Whatever those reasons, which we do not expect the former Minister nor the Prime Minister or his cabinet/party colleagues to elaborate upon further with a view to enlightening public opinion, we shall refrain from going into speculations, lest we go into the deep waters identified by the Chinese as suitable for a fishing port and which project was subsequently abandoned following pressure from different quarters. Intrigues, double-speak, innuendoes, kickbacks, etc., are not peculiar to the Indian context; they are a constant feature in the politics of most countries whether in Europe, South America or Africa of which Mauritius forms part.

What happens next? Will the Prime Minister walk his talk and go for a by-election in Constituency No.7 before the final showdown later in 2019 or sometime before May 2020? One can rightly contest the holding of a by-election a few months before general elections are to take place since the National Assembly stands dissolved on 21 December 2019 anyway. That does not make sense and most of all would cost millions of rupees in electoral spending to the Public Exchequer. It does make political sense for the MSM-ML combine, however, to go for the by-election in the expectation that a victory in No.7 would provide the necessary fillip for a larger win in the subsequent general elections.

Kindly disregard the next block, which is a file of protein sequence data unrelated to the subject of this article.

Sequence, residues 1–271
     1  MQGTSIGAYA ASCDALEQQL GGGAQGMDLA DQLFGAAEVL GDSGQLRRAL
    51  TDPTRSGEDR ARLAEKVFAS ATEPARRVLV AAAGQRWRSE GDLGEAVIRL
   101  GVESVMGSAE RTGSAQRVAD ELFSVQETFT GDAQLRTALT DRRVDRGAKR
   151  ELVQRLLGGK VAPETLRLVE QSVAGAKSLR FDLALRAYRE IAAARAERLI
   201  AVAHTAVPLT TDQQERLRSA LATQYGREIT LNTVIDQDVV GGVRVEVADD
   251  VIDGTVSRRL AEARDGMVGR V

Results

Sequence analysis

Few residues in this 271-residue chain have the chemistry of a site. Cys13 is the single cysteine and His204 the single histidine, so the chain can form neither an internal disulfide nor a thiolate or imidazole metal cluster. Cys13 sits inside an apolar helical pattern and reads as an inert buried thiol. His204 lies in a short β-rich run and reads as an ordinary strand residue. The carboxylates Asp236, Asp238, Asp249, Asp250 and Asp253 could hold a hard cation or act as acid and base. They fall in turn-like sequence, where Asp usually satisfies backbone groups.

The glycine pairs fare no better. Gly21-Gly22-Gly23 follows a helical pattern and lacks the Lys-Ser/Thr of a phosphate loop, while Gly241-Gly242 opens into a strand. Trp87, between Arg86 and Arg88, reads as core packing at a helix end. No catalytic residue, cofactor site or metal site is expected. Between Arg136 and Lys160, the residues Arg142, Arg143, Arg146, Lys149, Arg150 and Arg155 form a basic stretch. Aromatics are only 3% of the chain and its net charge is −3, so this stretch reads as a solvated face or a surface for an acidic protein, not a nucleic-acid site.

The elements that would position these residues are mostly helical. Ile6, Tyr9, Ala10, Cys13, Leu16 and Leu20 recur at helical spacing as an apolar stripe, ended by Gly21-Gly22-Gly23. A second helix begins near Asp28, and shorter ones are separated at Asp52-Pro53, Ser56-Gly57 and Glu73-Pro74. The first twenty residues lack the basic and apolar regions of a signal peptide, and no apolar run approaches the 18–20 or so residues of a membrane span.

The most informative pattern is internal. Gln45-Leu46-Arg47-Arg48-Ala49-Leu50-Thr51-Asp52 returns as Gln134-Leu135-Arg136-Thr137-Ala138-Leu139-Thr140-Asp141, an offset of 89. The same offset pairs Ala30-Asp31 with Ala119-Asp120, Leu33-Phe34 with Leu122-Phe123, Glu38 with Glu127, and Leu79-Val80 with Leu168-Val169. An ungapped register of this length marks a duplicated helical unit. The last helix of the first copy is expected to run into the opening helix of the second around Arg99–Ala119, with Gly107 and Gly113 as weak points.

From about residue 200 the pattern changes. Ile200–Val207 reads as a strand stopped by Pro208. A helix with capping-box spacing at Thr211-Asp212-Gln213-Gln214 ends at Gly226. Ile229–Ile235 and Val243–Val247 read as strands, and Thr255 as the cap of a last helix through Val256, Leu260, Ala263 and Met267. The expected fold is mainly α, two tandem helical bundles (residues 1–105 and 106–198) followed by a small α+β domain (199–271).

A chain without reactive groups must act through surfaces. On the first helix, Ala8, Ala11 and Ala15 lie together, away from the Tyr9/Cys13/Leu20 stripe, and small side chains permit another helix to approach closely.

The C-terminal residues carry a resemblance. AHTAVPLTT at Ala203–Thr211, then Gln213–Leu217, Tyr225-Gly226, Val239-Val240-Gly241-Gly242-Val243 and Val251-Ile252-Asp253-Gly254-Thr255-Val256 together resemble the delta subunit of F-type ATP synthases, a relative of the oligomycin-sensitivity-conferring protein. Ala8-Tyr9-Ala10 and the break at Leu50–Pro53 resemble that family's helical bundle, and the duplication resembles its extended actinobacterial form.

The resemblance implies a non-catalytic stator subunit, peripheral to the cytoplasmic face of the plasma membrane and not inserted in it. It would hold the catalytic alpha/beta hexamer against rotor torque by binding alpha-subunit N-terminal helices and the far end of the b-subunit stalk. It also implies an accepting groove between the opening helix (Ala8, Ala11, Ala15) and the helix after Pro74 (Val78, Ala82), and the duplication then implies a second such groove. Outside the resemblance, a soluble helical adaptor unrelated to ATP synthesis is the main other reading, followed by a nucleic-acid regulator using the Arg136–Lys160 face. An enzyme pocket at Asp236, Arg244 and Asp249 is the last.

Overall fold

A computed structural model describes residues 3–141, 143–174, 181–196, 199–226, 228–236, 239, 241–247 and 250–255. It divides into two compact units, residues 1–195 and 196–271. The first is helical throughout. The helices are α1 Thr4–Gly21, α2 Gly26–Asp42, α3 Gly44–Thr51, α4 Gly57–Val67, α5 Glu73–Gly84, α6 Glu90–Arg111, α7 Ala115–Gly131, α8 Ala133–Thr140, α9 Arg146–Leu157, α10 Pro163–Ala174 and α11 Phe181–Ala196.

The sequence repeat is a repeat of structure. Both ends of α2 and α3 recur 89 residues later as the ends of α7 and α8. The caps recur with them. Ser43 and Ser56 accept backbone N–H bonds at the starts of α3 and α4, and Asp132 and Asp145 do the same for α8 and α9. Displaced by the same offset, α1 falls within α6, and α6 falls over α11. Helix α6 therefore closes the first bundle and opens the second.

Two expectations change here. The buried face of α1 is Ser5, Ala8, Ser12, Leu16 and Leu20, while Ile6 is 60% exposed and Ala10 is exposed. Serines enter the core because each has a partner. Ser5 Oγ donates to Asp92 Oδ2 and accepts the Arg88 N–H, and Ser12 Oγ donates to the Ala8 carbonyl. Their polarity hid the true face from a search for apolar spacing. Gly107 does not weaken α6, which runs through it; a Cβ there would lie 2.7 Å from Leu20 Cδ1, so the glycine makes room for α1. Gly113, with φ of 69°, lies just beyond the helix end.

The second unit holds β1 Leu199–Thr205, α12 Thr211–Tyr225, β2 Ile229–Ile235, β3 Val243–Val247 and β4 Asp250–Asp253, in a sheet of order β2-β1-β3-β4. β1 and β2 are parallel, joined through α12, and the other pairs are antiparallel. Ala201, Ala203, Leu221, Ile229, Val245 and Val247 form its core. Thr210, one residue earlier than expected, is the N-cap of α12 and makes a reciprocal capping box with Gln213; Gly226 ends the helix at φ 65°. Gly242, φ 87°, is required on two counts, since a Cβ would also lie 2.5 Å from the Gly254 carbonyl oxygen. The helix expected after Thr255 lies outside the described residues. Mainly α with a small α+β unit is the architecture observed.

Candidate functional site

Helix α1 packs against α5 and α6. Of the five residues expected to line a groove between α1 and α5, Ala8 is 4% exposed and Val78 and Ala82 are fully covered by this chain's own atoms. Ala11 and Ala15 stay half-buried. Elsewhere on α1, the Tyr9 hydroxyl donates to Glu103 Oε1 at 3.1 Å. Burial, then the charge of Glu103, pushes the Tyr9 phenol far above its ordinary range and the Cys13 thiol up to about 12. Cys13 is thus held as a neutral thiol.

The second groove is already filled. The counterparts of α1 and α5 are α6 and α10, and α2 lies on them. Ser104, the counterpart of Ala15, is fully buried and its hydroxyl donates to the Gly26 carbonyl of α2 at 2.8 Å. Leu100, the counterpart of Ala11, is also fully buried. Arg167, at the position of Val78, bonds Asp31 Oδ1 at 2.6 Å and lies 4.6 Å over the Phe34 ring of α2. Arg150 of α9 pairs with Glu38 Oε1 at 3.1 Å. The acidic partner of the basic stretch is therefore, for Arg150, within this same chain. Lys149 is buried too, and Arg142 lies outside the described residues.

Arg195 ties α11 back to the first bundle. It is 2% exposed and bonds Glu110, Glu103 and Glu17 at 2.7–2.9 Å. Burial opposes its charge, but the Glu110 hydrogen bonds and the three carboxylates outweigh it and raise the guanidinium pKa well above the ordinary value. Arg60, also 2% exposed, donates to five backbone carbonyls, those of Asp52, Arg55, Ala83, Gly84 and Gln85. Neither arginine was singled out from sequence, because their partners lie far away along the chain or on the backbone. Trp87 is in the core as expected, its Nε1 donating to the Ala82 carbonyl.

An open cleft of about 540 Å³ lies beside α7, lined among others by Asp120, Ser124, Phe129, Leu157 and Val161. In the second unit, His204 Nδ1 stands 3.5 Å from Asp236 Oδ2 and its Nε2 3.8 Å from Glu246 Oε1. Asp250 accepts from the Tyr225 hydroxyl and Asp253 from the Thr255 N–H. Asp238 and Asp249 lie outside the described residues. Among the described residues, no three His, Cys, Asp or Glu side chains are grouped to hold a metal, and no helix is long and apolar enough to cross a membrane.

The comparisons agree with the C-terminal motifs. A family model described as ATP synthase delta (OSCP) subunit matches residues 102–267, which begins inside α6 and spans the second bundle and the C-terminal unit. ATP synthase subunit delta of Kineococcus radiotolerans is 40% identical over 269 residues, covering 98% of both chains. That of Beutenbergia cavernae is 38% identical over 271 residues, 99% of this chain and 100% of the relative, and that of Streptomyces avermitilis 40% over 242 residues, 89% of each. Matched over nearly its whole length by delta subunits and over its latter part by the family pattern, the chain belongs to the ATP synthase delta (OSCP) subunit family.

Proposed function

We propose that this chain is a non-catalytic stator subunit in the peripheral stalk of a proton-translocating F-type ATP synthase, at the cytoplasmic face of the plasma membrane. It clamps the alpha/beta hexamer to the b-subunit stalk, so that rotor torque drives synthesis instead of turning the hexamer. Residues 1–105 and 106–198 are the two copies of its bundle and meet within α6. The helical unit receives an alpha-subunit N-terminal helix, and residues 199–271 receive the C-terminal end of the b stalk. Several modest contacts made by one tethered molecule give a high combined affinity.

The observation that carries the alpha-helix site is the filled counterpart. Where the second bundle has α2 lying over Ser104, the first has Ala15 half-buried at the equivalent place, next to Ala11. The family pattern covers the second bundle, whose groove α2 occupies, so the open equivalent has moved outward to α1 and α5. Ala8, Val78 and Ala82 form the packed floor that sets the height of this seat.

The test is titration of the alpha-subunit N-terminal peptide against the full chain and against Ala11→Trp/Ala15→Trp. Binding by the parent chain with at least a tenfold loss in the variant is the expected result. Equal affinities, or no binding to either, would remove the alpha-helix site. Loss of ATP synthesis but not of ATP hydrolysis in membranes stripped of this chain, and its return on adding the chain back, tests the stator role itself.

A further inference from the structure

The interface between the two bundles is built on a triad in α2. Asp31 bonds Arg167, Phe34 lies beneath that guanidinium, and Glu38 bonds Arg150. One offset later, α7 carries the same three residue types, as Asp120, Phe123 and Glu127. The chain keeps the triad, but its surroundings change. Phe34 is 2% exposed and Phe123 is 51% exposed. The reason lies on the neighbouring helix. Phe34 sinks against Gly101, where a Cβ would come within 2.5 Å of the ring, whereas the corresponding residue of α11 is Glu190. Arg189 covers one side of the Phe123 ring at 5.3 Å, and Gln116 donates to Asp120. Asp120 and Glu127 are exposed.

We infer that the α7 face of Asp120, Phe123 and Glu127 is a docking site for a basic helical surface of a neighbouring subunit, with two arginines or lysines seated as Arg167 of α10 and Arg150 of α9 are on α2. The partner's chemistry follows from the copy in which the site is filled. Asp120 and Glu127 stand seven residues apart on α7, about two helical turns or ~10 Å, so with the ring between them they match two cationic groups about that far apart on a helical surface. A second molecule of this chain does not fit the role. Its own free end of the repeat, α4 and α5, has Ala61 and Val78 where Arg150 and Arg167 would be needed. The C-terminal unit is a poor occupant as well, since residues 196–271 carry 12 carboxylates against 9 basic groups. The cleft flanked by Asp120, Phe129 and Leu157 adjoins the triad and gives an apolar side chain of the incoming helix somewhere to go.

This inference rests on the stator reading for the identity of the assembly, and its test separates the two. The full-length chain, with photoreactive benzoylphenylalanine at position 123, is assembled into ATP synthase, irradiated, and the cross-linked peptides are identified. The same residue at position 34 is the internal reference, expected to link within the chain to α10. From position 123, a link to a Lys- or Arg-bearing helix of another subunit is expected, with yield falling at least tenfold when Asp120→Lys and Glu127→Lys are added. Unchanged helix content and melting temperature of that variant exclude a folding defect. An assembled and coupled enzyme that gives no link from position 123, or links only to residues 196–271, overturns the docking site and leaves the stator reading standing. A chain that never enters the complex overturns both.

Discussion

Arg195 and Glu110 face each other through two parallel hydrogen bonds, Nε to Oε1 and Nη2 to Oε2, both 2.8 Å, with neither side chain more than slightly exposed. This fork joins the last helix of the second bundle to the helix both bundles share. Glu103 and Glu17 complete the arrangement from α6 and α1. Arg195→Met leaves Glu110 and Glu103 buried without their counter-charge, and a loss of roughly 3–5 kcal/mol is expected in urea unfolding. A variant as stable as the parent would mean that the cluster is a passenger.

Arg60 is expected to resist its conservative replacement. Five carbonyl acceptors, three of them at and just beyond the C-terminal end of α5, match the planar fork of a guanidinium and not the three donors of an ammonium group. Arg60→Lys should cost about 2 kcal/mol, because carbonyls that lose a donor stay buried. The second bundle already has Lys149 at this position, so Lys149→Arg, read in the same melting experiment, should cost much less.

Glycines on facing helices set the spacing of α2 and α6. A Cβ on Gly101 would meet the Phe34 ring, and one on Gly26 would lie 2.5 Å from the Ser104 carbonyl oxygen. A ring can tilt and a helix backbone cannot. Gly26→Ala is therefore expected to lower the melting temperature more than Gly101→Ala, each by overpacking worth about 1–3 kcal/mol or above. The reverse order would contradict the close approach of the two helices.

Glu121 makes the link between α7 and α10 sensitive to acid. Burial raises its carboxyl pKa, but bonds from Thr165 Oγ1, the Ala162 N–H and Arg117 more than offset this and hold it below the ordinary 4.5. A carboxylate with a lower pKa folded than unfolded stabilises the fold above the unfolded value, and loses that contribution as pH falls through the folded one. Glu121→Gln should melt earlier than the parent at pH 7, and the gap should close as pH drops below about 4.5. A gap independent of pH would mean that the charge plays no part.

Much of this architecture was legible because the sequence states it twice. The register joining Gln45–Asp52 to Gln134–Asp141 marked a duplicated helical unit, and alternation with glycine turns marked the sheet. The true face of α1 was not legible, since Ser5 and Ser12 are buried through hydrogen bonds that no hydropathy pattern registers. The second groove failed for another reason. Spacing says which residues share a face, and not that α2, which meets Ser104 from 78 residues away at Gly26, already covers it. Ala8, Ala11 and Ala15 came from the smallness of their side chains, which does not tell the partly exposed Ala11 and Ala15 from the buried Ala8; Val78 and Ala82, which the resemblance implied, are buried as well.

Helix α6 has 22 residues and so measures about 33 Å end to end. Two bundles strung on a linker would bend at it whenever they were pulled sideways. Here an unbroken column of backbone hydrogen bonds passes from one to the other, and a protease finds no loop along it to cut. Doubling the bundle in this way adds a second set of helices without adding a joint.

For a government that has been tainted by a long list of scandals involving its MPs and ministers, without any breakthrough achieved in terms of its promised ‘economic miracle’ (which is still in the works according to the Prime Minister), whatever victory has been obtained in the matters relating to MedPoint and the Chagos are secondary, unrelated to the fundamental concerns of the electorate in general. There will no doubt be enough inaugurations to create a feel-good factor and more budget goodies to go around in the months to come to build and mobilize support for the MSM-ML combine at the polls, but will these be enough to turn the tide in its favour? That remains to be seen.

In normal circumstances, it is quite possible for a political party to win a by-election and meet defeat at the general elections. In the current circumstances and the particular context, especially rural, losing the by-election in No. 7 will likely result in defeat at general elections. The MSM-ML can only hope to come back to power if it succeeds in No.7 and thereby create the conditions favourable for an alliance with the MMM… in spite of whatever Paul Bérenger may be saying about his party’s decision to go it alone. Mr Bérenger will no doubt be amenable to negotiations in good time.

Pravind Jugnauth will most likely turn around the Lutchmeenaraidoo embarrassment into an opportunity for a second innings. So will the Labour Party.

So in both India and Mauritius, we are in waiting mode as regards outcome…


* Published in print edition on 29 March 2019